The EU's new Migration and Asylum Pact will once again be the focus of an internal affairs council meeting, slated for June 8. The meeting will deal with several issues.
EU talks on its new Migration and Asylum Pact have intensified ahead of an internal affairs council meeting scheduled for June 8.
An idea has been raised among the 27 member states to set up quotas -- calculated on the basis of figures that have been agreed upon -- for member states in terms of migrant hosting as well as the applying of "border procedures" for identification.
This mechanism would take into account inflows and outflows and "an annual ceiling" would also be established. This would reassure nations that experience the highest level of arrivals, including Italy.
Contents of draft
These quotas and thresholds -- the parameters of which are still under debate -- would then lead to "mandatory solidarity" with transfers to other states.
After Poland said that it would not be willing to take part in "forced relocations of migrants", both the rotating EU president's office and the European Commission last week said such an idea was not the current agenda.
Warsaw stressed that it would defend its sovereignty, which some see as a statement for a domestic audience in view of upcoming elections.
In reality, a mediation draft proposed by the presidency -- which ANSA has seen -- indicates that it is necessary to "further refine the equilibrium between solidarity and responsibility" as well as "take into account the particular geographic position of border member states".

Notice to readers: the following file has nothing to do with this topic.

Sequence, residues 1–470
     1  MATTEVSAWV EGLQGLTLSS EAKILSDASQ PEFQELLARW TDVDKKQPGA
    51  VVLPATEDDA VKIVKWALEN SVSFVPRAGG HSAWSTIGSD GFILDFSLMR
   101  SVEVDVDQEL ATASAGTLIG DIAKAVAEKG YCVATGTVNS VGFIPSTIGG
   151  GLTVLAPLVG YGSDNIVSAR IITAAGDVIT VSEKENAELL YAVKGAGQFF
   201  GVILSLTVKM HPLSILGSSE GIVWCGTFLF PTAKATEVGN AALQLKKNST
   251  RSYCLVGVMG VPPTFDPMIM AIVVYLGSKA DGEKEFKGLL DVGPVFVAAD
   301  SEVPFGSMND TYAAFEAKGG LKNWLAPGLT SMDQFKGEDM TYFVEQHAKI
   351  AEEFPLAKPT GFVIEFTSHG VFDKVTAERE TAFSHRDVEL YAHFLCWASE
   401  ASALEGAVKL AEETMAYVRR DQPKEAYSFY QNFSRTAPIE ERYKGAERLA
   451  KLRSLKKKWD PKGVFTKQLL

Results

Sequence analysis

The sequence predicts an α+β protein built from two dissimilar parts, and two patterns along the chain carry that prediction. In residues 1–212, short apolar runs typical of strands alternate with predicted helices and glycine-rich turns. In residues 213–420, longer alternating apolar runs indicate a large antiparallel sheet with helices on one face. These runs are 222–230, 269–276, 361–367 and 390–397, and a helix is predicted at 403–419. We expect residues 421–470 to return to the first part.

The statement is a clear overture to the Med5 countries -- Italy, Greece, Cyprus, Malta, and Spain -- that have long urged greater attention to the issue of migrant arrivals.
The text excludes any "mandatory nature of the relocations" and provides for other measures of solidarity such as "financial contributions" and other actions that are left undefined for the moment.
The aim is to make the "principle of solidarity" mandatory" but not one measure over another. This, however, could also lead to complications.
Time of the essence, legislature ends next year
Poland's permanent representative to the EU, Andrzej Sadoś, reportedly pointed out that the country has thus far welcomed a million Ukrainian refugees and has received €200 million from the EU to assist them -- about €200 per refugee.
The European Commission has instead proposed charging countries not willing to accept irregular migrants as part of the solidarity mechanism €22,000 per migrant.
Warsaw called the difference between the two amounts "crass disproportion" that it sees as intending to be punitive in nature.
Time is seen as of the essence and the aim is currently to conclude the negotiations mandate of the Council and to begin talks with the Commission and Parliament by July -- or at least on the part concerning asylum and migration management.
Significantly, the pact is a complex mosaic with directives, recommendations and regulations.The aim is for the end of the legislature in 2024.However, there are concerns that this will not be met unless things speed up soon.